Additive Manufacturing (commonly known as 3D printing) technology has become a global phenomenon. In the domain of heritage, 3D printing is seen as a time and cost efficient method for restoring vulnerable architectural structures. The technology can also provide an opportunity to reproduce missing or destroyed cultural heritage, in the cases of conflicts or environmental threats. This project takes the Hippolytuskerk in the Dutch village of Middelstum, as a case study to explore the limits of the existing technology, and the challenges of 3D printing of cultural heritage. Architectural historians, modelling experts, and industrial scientists from the universities of Delft and Eindhoven have engaged with diverse aspects of 3D printing, to reproduce a selected part of the 15th century church. This experimental project has tested available technologies to reproduce a mural on a section of one of the church’s vault with maximum possible fidelity to material, colors and local microstructures. The project shows challenges and opportunities of today’s technology for 3D printing in heritage, varying from the incapability of the scanning technology to capture the existing cracks in the required resolution, to the high costs of speciality printing, and the limited possibilities for combining both printing techniques for such a complex structure.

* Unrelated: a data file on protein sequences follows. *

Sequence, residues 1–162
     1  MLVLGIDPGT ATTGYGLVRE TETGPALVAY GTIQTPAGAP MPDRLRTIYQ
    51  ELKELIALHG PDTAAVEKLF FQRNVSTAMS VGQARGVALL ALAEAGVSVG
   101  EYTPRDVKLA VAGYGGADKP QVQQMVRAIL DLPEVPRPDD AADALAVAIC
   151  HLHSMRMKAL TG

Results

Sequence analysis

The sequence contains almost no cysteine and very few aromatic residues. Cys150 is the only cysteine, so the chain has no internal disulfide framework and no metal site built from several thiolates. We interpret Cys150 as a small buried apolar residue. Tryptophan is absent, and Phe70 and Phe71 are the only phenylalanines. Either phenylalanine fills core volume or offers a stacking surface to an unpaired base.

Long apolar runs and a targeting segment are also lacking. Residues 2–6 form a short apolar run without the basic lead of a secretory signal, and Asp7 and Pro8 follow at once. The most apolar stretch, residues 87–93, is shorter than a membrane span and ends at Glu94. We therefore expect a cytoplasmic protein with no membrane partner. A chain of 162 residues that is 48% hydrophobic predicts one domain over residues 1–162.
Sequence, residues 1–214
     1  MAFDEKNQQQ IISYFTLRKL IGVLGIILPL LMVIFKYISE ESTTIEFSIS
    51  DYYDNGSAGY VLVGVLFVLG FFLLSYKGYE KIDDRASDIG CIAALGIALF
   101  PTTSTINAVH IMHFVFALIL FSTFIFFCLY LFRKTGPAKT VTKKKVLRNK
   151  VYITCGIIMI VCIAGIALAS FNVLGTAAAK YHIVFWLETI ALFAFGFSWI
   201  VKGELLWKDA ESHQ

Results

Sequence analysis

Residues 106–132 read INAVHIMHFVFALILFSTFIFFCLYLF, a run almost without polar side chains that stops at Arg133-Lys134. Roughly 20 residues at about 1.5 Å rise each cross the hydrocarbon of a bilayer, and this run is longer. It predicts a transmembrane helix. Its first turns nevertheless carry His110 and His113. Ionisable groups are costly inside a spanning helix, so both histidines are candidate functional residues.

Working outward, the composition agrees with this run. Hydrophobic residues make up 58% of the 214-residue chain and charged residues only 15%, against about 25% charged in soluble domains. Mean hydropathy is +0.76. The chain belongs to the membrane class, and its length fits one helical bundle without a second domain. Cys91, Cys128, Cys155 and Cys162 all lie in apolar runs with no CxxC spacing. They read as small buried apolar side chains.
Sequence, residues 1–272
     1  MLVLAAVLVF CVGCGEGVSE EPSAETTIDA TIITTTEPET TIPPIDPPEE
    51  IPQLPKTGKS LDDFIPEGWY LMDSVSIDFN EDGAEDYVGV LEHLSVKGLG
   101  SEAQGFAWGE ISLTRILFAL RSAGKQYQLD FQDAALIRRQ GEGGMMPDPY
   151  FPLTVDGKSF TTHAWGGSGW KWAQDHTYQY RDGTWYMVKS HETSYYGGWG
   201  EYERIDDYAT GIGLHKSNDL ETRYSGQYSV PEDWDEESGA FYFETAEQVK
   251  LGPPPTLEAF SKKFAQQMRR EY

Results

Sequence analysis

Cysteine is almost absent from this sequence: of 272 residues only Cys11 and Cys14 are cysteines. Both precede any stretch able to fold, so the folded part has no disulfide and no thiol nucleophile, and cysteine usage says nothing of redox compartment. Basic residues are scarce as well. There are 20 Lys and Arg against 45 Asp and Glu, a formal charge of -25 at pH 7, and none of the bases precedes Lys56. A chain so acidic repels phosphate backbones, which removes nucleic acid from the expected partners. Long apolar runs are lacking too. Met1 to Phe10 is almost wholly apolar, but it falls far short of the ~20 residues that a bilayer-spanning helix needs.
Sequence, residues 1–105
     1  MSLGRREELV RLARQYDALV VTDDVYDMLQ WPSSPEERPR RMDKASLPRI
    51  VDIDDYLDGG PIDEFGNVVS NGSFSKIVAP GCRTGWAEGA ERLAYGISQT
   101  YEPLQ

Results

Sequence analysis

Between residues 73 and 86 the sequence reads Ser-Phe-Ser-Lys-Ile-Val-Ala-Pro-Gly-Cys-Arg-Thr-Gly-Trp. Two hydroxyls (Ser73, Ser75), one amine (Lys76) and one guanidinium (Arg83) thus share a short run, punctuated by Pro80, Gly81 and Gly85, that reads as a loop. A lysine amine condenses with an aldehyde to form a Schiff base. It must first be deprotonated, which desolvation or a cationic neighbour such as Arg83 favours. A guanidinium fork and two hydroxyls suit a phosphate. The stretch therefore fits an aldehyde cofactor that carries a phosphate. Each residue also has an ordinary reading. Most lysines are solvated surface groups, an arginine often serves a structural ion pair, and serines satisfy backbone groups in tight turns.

Bibliographical noteEnergy Innovation #5: 4TU.BOUW Lighthouse projects + PDEng
- 3D printing
- 3D scanning